23129 DUTCH BEAUMONT VITALLI M1871 BAYONET (FIRST TYPE) - (Janzen 145-1) with 20 inch cruciform blade. Locking ring on the socket is the first type, made as a two pieces with two screws. Overall G-VG with mostly bright finish, but some areas of light surface rust from poor storage, but it should clean up with little or no roughness underneath. The Beaumont-Vitalli rifles are fairly common, but the bayonets less so, and the first type are very seldom seen. $149.00 (View Picture)

21097 EGYPTIAN HAKIM BAYONET - (Janzen 40-1) Clearly descended from the Swedish M1896 bayonet, except with traditional wooden grip scales instead of the tubular steel handle on the Swedish version. (Remember, the Egyptian made Hakim was a slightly modified version of the Swedish Ljungman rifle.) Although the blade looks to be double edged, it is only sharpened on the lower edge. Blade with about 97% blue finish with some scratching, Hilt with most of the blue, but worn on the guard and muzzle ring swith s couple of spots of light surface rust that should clean off. Although Hakim rifles were imported in large numbers, bayonets seem to be very scarce. First one we have had in many years. $125.00 (View Picture)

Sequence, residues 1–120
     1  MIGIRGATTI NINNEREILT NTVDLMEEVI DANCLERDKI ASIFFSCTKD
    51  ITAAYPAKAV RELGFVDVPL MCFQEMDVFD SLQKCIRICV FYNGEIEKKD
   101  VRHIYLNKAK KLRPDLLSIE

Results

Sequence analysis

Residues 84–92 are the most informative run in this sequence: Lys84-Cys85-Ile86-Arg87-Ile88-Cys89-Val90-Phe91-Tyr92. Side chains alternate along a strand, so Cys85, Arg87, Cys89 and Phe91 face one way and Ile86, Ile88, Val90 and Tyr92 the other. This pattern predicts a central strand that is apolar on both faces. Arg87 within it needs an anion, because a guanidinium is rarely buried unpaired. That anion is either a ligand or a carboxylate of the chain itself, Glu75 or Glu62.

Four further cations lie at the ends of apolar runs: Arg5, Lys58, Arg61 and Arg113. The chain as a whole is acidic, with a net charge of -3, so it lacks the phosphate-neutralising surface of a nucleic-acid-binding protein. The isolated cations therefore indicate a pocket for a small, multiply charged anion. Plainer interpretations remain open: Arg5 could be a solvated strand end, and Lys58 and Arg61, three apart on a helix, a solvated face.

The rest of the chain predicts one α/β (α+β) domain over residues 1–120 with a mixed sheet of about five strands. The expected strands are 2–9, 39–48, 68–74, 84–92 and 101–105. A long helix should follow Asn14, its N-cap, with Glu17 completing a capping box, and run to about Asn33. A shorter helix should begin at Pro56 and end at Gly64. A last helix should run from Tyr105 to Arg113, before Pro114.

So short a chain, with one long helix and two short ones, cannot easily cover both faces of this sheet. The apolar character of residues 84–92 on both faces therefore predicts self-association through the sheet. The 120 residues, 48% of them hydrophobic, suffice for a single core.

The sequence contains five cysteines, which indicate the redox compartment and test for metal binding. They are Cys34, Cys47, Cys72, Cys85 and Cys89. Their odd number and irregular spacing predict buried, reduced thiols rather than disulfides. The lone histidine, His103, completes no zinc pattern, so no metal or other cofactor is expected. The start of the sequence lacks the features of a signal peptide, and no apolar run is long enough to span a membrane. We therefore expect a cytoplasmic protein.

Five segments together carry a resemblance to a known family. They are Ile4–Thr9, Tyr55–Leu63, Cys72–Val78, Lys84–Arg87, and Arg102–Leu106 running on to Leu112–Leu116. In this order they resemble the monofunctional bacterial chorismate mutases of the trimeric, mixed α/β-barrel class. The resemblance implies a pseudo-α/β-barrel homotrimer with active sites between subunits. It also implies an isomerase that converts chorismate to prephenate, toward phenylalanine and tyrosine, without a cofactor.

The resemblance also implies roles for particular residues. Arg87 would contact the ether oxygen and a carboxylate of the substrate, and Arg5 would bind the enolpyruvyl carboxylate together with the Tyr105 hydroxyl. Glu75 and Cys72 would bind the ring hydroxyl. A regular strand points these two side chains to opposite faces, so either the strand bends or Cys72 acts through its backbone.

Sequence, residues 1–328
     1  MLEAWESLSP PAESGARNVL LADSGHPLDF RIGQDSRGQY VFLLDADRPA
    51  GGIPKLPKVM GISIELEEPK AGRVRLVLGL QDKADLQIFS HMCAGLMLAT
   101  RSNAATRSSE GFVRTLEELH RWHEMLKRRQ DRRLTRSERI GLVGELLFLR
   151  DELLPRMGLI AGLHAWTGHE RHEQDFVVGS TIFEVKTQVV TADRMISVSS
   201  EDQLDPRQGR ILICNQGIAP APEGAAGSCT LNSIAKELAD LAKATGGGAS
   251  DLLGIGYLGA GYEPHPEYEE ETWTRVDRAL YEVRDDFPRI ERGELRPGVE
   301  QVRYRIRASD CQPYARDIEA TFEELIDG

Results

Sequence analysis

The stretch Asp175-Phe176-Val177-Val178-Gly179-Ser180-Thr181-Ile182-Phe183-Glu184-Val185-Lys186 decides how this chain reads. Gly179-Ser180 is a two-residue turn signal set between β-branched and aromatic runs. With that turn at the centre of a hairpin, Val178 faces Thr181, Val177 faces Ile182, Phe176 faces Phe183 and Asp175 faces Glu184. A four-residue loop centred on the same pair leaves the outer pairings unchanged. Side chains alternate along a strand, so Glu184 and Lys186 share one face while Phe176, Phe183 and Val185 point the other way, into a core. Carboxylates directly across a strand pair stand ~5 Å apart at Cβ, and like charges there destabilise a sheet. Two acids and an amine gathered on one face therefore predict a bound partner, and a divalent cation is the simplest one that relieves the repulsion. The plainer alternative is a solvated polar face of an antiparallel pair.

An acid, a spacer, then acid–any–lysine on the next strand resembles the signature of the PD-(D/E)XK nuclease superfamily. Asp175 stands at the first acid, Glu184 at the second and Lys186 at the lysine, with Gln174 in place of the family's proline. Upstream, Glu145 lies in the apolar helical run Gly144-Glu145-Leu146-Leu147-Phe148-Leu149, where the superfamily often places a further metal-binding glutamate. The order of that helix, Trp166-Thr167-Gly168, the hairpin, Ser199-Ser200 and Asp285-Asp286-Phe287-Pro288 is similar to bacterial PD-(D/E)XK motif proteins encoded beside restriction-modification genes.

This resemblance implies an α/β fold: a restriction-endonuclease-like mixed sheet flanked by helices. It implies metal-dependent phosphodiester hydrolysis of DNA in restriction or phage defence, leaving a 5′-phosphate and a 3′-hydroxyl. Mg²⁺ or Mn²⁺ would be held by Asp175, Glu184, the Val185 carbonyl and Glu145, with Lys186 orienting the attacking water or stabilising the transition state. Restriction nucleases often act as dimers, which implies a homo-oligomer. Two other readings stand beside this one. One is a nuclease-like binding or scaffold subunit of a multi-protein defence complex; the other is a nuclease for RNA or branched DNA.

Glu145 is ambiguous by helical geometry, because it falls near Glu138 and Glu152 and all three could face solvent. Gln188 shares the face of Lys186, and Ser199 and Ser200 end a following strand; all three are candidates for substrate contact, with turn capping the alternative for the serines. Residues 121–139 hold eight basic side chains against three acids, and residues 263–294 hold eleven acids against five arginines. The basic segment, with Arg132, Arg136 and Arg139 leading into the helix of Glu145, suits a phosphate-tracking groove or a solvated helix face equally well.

21803 FRENCH MODEL 1892 BAYONET (MODIFIED) - (Janzen 74-2) This will fit many of the Mle 1892 carbines and Mle 1907 Mannlicher-Berthier variations. Bayonet has the slightly longer barrel shroud that extends back a bit above the grip. Arsenal reblued with about 98% remaining on the bayonet. Walnut grip scales are cracked, but sound. Scabbard has lots of dents, but still works. $125.00 (View Picture)

19356 ARGENTINE MODEL 1909 BAYONET WITH CREST INTACT AND MATCHING SCABBARD - (Janzen 2-3) These are very hard to find with the crest as the Argentine policy was to grind off the crest. Mismatched numbers F6243 on the blade and H2740 on the scabbard. Scabbard has a large dent on the back side, but pretty nice on the front with most of the blue finish intact, but thinning. The bayonet is about fine but has been repolished, now covered with some dried grease. Fine walnut grip scales. These bayonets were used with the Argentine M1909 rifles and short rifles. $125.00 (View Picture)